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Hello again

MrsChristmas

Registered User
Jun 1, 2015
178
Hi there

I gave up trying to get help for my mum months ago after getting loads of advice and support from the lovely people hear who understand.

Hoping you are keeping safe and well during this difficult time.

Mum is nearly 95 and has lived next door to me. She is very forgetful but still is able to look after herself but really cannot manage to run her home and ALL domestic stuff has to be done for her. My brother pays her bills, I do day to day stuff and deal with emergencies. The emergencies happen every week eg mice in Mum's kitchen, trip switch going off (no electrics). I do more than neither Mum or my brother realise because I'm the nearest.

Due to the virus my business folded in March and i was able to do more for Mum than before, especially as my brother could not visit because of the virus. I'd do her shopping, do her rubbish, took her to the beach (before the real lock down), cooked her some meals because her shoulder hurt and she wasn't eating properly.

Things started getting on top of me and I grew exhausted. I was horrified to discover Mum's next door neighbour (whom I trusted) throwing their rubbish in a skip that had been left outside Mum's house for months because it hadn't been collected. It was overflowing with rubbish that didn't belong to Mum.

I knew I couldn't keep two houses going so I offered to move in with Mum, sell/rent my house to keep an eye on her but she wasn't happy with the idea because she liked her own space which I respected.

The loss of my business meant I couldn't stay in my house for financial reasons so I 've sold it and have bought another place about 20 miles away from Mum.

I've told Mum many times that I won't be around as much to help her out but will visit once a week or as much as I can. Mum cannot rely on my brother because she thinks that he lives so far away that he cannot help her. I can't make her see that she should call him if she has a problem but she just refuses. This must explain why my brother is always surprised when I tell him when things go wrong.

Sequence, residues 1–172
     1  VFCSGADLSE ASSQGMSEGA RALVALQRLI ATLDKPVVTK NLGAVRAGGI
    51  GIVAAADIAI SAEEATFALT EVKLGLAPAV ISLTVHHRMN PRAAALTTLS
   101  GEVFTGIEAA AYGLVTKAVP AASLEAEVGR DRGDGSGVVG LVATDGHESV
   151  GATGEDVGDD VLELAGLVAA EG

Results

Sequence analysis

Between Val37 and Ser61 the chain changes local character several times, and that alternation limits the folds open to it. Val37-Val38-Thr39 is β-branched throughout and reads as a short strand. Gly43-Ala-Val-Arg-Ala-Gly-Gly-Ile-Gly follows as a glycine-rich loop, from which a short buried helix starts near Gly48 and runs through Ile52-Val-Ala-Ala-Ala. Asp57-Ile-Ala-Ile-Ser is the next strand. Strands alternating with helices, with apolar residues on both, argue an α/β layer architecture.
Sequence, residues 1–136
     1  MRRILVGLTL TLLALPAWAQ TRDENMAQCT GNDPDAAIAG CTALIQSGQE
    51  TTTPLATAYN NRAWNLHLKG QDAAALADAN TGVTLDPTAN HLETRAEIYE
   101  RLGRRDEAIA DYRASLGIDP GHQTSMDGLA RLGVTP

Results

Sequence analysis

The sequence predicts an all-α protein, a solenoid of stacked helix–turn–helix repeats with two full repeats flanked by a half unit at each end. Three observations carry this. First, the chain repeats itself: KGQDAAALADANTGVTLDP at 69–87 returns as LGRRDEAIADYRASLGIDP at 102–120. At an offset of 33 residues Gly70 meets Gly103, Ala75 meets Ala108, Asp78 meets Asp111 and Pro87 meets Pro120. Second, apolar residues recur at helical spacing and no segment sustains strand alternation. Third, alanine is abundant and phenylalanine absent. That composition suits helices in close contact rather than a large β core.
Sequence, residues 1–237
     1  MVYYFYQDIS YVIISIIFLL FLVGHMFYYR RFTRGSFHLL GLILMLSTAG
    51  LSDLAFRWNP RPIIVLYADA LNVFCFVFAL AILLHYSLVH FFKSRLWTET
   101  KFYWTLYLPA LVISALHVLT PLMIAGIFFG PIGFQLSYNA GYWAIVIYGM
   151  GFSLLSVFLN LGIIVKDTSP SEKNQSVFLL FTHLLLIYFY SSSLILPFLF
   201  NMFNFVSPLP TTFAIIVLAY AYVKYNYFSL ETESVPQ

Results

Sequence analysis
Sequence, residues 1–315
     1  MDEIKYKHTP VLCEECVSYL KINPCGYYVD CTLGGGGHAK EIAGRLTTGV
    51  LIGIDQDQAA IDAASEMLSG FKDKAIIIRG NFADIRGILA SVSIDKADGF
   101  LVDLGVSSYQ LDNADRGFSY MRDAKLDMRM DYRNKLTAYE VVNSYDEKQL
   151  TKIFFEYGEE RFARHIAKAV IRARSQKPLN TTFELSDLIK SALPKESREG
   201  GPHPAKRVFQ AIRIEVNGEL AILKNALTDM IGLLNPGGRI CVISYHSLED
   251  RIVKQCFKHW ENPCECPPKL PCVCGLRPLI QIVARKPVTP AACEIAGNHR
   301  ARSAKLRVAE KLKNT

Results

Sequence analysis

Things have got on top of me too so I've had to contact my GP for stress and anxiety because I have no support. I explained to him about my Mum, that I was moving and I that I was a bit concerned about how things would be once I'd moved away - I had been Mum's 'lookout' for nearly 12 years. He advised me to contact Social Care once I'd moved and tell them my concerns about her. He has advised counselling for me.

I called to see Mum today to sort out her rubbish, remove yet another mouse from behind the fridge. She cannot retain anything these days and I must admit she does look very unkempt these days. She exists on jacket potatoes and doesn't prepare any meals for herself - other than toast, biscuits or cereal.

Mum's biggest problem is her trip switch which goes off randomly roughly every two weeks. The electrics have been tested but the cause has never been found. It means standing on a table and reaching the fuse box to reset it. I've done it loads of times - because I can see when the lights go off then I pop round and reset it. If I havn't been able to re set it then Mum will just sit there in the dark until something is done because she cannot see to get to the phone to call and cannot remember what to do now. There are many things that have been done to keep mum afloat which can't be planned for.

Tonight I tried to rehearse with her about what to do if she had a problem but she just could not remember. Her capability is no more than making tea and toast now. Washing is not done, teacups are dirty, rubbish is left.

For the first time she said to me 'is it time for me to go into a care home?' I thought she was joking but she said it a couple of times...I just wasn't sure what to say..I guess I just brushed it aside because it must have taken a lot for Mum to say this - being so fiercely independent. She said that it was real blow my moving away but she understood why I had to sell. I said would she consider someone coming maybe once a week? She said she'd think about it but clearly she is frightened and realises that she depends on me more than she realised.

My brother is coming to visit this week and I suspect he will not want Mum to have any sort of care because he doesn't see what I see a lot of the time. I just can't help feeling this is the moment to get Mum the help she so desparately needs. I've told her that I believe she is very vulnerable, that she cannot walk outside her home, that her neighbour may not be so reliable if Mum needed help. I've pointed out that she is very isolated and who would she call for help once I've moved away?